“When you keep starting at square one, you’ll never make much progress.” I suspect that is the intention.
pete best says
Very worrying but are geologists climate scientists ? Are climate scientists geologists or does climate science take knowledge from geology only. Why are geologists discussing climate science anyway ?
Bart Verheggen says
In areas of research that are tangentially related to climate science, the relative number of contrarian viewpoints seems to be larger than amongst climate scientists themselves. I think this has a lot to do with professional deformation: “We are all best impressed by evidence of the type with which we are most familiar” (Charles Richter, as quoted by Oreskes in http://www.ametsoc.org/atmospolicy/Presentations/Oreskes%20Presentation%20for%20Web.pdf). It is no surprise that many of them will initially be skeptical towards claims that humans are responsible for the current changes, when they are acutely aware of the massive changes that have always taken place without humans around. (Never mind the logical fallacy that arises when using this as evidence against anthropogenic influence.)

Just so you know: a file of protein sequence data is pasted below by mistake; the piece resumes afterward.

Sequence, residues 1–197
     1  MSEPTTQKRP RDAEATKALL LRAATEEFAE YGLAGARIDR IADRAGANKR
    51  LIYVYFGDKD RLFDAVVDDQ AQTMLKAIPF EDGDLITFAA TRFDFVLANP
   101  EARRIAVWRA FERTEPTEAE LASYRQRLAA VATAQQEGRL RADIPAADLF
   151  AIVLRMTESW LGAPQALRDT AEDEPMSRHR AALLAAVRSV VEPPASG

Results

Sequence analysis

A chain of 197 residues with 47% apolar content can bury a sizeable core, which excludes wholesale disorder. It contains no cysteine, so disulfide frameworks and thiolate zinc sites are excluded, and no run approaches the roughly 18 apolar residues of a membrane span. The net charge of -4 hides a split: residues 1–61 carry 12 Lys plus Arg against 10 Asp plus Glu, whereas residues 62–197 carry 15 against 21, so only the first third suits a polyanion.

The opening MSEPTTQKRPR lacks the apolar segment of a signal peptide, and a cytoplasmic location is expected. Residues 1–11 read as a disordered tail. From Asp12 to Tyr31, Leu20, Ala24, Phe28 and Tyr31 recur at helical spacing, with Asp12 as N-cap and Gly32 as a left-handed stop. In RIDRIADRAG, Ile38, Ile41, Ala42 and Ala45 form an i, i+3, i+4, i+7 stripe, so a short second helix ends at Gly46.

Likewise, an astronomer or solar physicist is more likely to emphasize the role that the sun plays in climate change. And a meteorologist may focus on the (importance of the) effect of boundary layer dynamics. Acknowledging that one’s own area of expertise may not be terribly important for a high-profile theme such as climate change is psychologically not easy; emphasizing (or even exaggerating in the worst cases) its potential importance is psychologically favored.